Special Notes for Chris Power upon her Retirement125809/25/2020 8:45:19 PM ​We invited colleagues of Chris Power to share their thoughts with her for her retirement. Please feel free to share your thoughts with Chris as well. Here are a very few of the kind words. "Chris, you are recognized as one of the preeminent healthcare executives in Canada," says Ron Guse, Board Chair for the Canadian Patient Safety Institute. "For the past six years, you have shared your experiences, initiative, and values to lead the Canadian Patient Safety Institute. The patient safety movement owes a debt of gratitude to you for your leadership and dedication." "Thank you for your commitment to patient safety improvement and to involving patients and families," says Katarina Busija, Founding Director, Inaugural Co-Chair and Member of Patients for Patient Safety Canada. "Your demonstrated leadership and championing of Patients for Patient Safety Canada has been instrumental to our ongoing credibility and impact. I hope you enjoy your well-deserved retirement and wish you well as you embark upon a new path." "Your qualities of calm presence, confidence and compassion are something I will strive to emulate," says Alain Doucet, CEO of the Canadian College of Health Leaders. "I am writing to you on behalf of all who work at CPAC - and our many shared partners - but mostly I am writing to you for myself," says Cindy Morton, CEO of Canadian Partnership Against Cancer. "Even before we met, I had the privilege to know of your work for many years, as your reputation as a stellar and steady healthcare leader is well known across Canada and internationally. If I could clone you and place you at the helm of every part of this country's federated and complex healthcare system, we would be golden!" "Thank you for your dedication and hard work in your leadership role with CPSI in keeping our patients and healthcare environments safe," says President of Infection Prevention and Control Canada, Barbara Catt. "On behalf of IPAC Canada, wishing you a wonderful retirement and all the best." "I will always remember when I first met you at an in-person meeting with Patients for Patient Safety Canada," says member Eileen Chang. "I immediately felt your passion and knew that your wisdom would strengthen our vision and mission. Thank you for doing just that, and I wish you all the best of health, happiness and peace in your next chapter." "I'm delighted to add my voice to the chorus of supporters and fans wishing you love and light as you place new steps of change on your journey!" says Mike Villeneuve, CEO of the Canadian Nurses Association. "You have been such a great role model for so many of us, and the nursing community has been especially proud of your executive leadership in role in Halifax over so many years - and of course, most recently, so ably leading the CPSI." "It has been such a pleasure working with you over many years. Your leadership in patient safety was inspirational," says Laurie Thompson, Executive Director of the Manitoba Institute for Patient Safety. "You have opened up the conversation about patient safety and moved it to be inclusive of patients, families, healthcare providers, regulators, industry - truly reflecting the need for patient safety to be everyone's responsibility. Thank you for your significant contribution to improving patient safety in Canada. All the very best in your next chapter." "Chris is a phenomenal person, a role model for all women leaders and quite frankly, for all leaders," says Catherine Gaulton, CEO of the Healthcare Insurance Reciprocal of Canada. "However, her most shining moment was when she became and excelled at being CEO of CPSI. She was in her element. This was where her heart is and always had been and it showed. Chris's work with CPSI leaves a wonderful legacy for patient safety and for how we value and respond to the needs of those we serve. Thank you, Chris, for not only being an agent of change, but for truly caring and for also being a mentor for so many." "I have always been impressed and learned from the way you approach your dealings with others - with empathy and compassion, open ears and an open mind, and great poise and thoughtfulness in your words and actions," says Lindy VanAmburg, Assistant Director at Health Canada. "Thank you for all of the tremendous work you have done for Canadians and for being such a great partner with us at Health Canada over the years. I wish you the healthiest and happiest of retirements." "How absolutely fortunate I am to have had the opportunity to work with you, most recently, of course, at CFHI and CPSI but also at other organizations in the past," says Jennifer Zelmer, CEO of the Canadian Foundation for Healthcare Improvement and the upcoming amalgamated organization. "Your commitment to better health and better care has shone brightly throughout. Your heart is large; your counsel wise. Always generous with your time, your dedication to patient safety and to the health of health workers is crystal clear. We will never know the names of all those whose lives your efforts have made better, but know that they are many and the results of your work very long-lasting. We'll miss you very much but wish you all the best with the new adventures ahead of you." 9/25/2020 8:00:00 PMWe invited colleagues of Chris Power to share their thoughts with her for her retirement. Please feel free to share your thoughts with Chris as9/25/2020 10:04:59 PM358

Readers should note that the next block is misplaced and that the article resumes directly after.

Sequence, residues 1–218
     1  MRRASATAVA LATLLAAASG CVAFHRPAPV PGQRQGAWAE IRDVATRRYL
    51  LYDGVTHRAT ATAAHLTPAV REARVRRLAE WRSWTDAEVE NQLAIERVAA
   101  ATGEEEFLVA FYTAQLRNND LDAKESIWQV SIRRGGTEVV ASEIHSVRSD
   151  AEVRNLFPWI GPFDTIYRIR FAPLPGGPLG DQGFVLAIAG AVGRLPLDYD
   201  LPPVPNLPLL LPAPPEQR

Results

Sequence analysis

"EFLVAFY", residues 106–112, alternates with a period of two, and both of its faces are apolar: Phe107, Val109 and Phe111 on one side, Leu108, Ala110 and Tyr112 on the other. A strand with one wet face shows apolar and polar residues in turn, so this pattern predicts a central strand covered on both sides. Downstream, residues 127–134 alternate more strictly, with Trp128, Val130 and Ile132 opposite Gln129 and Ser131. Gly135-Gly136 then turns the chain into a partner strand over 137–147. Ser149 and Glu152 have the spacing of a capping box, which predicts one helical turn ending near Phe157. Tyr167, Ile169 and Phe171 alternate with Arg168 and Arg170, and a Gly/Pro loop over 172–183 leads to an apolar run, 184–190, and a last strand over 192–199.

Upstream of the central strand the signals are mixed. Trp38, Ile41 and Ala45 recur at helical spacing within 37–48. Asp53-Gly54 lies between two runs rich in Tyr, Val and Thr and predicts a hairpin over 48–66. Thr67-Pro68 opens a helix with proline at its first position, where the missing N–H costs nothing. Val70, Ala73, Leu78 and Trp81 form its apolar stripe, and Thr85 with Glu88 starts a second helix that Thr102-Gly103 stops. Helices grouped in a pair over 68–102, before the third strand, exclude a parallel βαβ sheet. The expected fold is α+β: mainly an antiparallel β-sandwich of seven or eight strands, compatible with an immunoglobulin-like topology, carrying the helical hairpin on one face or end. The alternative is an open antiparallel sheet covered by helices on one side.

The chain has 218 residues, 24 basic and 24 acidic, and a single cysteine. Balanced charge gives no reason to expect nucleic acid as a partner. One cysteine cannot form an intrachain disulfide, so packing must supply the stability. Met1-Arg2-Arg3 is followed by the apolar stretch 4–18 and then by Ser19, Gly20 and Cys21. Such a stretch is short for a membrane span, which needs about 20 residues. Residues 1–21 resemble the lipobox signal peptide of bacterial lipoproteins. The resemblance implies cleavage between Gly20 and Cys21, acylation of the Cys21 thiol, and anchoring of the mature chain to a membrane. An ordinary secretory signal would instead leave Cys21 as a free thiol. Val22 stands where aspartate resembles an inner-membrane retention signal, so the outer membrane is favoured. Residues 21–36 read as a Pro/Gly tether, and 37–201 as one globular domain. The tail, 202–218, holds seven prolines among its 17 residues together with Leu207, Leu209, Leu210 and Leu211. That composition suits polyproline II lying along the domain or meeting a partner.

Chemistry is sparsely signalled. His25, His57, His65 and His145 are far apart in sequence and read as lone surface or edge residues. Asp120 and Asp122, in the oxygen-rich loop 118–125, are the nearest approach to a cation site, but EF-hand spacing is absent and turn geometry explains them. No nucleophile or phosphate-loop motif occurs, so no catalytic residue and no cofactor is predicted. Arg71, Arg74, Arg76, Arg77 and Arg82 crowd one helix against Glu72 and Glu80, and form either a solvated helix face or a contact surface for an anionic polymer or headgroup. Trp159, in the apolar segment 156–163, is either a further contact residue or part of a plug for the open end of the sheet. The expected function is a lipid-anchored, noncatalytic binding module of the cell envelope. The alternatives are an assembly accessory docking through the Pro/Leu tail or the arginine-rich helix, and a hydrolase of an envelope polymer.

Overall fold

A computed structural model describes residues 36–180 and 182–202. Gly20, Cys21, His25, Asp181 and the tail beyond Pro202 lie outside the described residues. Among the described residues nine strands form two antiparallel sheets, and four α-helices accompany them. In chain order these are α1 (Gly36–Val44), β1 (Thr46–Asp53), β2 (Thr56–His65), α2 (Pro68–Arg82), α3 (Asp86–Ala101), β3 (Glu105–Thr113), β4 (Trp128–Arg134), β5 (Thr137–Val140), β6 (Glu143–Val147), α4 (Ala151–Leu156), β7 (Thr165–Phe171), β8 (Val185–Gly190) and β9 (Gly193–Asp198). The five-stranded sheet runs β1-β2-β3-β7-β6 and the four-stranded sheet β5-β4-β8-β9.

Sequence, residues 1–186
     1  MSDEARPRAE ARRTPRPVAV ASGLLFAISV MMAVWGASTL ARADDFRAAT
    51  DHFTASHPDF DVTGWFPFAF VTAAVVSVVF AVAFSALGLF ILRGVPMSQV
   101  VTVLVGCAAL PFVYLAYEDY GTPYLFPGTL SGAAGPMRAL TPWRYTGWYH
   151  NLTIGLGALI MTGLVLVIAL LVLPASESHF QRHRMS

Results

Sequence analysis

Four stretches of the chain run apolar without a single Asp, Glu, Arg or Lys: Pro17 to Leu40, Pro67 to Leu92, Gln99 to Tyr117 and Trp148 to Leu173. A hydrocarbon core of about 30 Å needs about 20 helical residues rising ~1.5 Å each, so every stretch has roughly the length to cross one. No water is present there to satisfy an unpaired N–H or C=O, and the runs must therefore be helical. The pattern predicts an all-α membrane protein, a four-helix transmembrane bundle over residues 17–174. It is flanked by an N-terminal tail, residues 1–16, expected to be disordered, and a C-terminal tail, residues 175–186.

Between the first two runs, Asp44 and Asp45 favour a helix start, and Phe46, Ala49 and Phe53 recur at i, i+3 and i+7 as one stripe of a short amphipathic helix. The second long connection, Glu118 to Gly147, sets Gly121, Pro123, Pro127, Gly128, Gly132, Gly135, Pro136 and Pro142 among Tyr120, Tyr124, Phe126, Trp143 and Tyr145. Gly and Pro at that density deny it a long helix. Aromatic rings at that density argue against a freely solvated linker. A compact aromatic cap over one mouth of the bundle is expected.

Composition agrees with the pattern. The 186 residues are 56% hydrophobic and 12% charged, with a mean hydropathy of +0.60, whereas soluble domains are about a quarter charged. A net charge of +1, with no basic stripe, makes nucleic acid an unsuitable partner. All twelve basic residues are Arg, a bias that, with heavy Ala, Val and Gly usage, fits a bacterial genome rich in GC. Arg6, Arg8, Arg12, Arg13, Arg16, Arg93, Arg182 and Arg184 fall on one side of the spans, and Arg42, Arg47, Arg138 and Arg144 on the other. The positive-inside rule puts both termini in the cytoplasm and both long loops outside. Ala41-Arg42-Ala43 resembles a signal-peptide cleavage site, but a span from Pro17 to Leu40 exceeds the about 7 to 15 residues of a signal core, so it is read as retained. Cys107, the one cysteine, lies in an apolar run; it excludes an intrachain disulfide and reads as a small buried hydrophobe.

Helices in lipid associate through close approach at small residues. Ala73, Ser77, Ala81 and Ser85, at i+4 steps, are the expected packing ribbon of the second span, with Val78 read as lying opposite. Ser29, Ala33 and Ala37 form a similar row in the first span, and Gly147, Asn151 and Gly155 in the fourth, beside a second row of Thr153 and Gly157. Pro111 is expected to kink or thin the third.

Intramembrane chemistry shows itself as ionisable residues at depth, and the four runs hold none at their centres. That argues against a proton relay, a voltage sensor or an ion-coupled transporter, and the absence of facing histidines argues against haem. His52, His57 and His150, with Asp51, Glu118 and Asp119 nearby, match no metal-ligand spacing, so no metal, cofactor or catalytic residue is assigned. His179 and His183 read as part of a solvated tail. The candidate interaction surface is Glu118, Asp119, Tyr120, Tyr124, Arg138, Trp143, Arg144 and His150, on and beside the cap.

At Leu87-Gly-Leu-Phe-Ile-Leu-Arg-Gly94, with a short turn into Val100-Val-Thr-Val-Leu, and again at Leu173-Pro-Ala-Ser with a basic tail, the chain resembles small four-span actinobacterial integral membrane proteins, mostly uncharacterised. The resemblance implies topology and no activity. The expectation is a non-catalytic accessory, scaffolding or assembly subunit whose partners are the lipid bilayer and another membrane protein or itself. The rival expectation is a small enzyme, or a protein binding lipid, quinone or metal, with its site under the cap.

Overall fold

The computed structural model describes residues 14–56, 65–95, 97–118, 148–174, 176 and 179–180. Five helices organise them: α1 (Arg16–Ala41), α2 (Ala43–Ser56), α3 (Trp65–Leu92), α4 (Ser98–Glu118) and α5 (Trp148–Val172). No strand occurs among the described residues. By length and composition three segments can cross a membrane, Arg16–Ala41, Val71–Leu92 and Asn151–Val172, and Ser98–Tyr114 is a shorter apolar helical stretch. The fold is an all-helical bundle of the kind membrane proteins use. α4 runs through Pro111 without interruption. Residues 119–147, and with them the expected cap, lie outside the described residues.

The World Rallies for Health Worker Safety – A Priority for Patient Safety126229/16/2020 5:57:57 PMPatient Safety News COVID! COVID! COVID! Our conversations locally, nationally and globally have focused on nothing but COVID-19 since the start of 2020! One thing is very clear – these are unprecedented times. COVID-19 has impacted every person and every sector of every society around the world, and especially overwhelming health care systems and workers beyond any normal limits. We are witnesses to endless social media and news stories describing what health care systems and health workers were faced with in different countries, including Canada. We listened to stories about keeping our health care workers safe and about the many people they cared for who were either infected or dying from COVID, or had non-COVID conditions and in need of urgent medical care. Simply put, these conversations were primarily about SAFETY – health worker safety and patient safety. This conversation is not and should not be unique to the COVID-19 situation, but we can draw from these experiences to understand why we need to continue the discussion about safety as it applies to health care workers and patients. If there is ever a year to focus on the safety of health care workers as it relates to patient safety, this is the year! The World Health Organization (WHO) has declared this year's theme for World Patient Safety Day on September 17th as 'Health Worker Safety A Priority for Patient Safety'. Their call to action is for us to "Speak up for health worker safety!" Much of the public already supports this call, as does Patients for Patient Safety Canada. This call to action considers the many stories, pictures and facts featuring health care workers in different settings and in situations where their safety was not secured. Sometimes they became patients too, and some died. Not all of these experiences are COVID-related but during this time, the WHO identified common hazards faced by health care workers globally. They were not only exposed to COVID, but challenged with having adequate quality protective equipment, fearful of becoming infected and infecting colleagues or their loved ones, physically and mentally fatigued and psychologically distressed. These hazards could have impacted the safety of health care workers, increasing their vulnerability and risk of becoming infected. During the peak of COVID, the International Council of Nurses indicated that about 6% of all cases of COVID infections in 30 countries were health care workers. Country-specific numbers were even higher. For example, in the US during July, 120,000 known health care workers were infected and 590 died, an estimated 15 – 20% of all COVID cases at that point in time. More locally, Ontario estimated that 17% of people infected during the peak of COVID were health care workers. Regardless of all the stories and facts pointing to unsafe practices in healthcare or community settings, many health care workers and patients do not feel comfortable speaking up about them. And yet – we know why we should be speaking up. We know that when health systems and health care workers are overwhelmed and challenged by pressures like COVID-19, there is increased risk of safety incidents for not only health care workers but also for patients. We know that when health care workers are physically, mentally and psychologically stressed, patient incidents like medication errors and miscommunications increase. Healthcare workers and patients must learn to speak up, and not become 'invisible victims' amidst the hazards and challenges. We need a 'culture of safety' in health care with accessible and accepted methods of reporting unsafe practices and preventing them. A safe healthcare system is always ready to learn. WHO and Patients for Patient Safety Canada are putting out the call to action - 'Speak up for health worker safety!" Through this action, we believe that having safe health workers means that patients have a better chance of getting safer care – 'Safe health workers, safe patients'. If as Canadians we believe in keeping everyone safe in our health care system, during times such as COVID-19 or at any other time, then we have a strong reason to rally. That is why this year's World Patient Safety Day on September 17th is focusing on 'Health Worker Safety A Priority for Patient Safety'. ABOUT THE AUTHOR Katharina Kovacs Burns, member of Patients for Patient Safety Canada (PFPSC), a patient-led program of the Canadian Patient Safety Institute and the Canadian arm of WHO Patients for Patient Safety global network. Our mission is 'Every Patient Safe'. 9/16/2020 6:00:00 PMC OV ID! COVID! COVID! Our conversations locally, nationally and globally have focused on nothing but COVID-19 since the start of 2020! One9/24/2020 8:10:17 AM518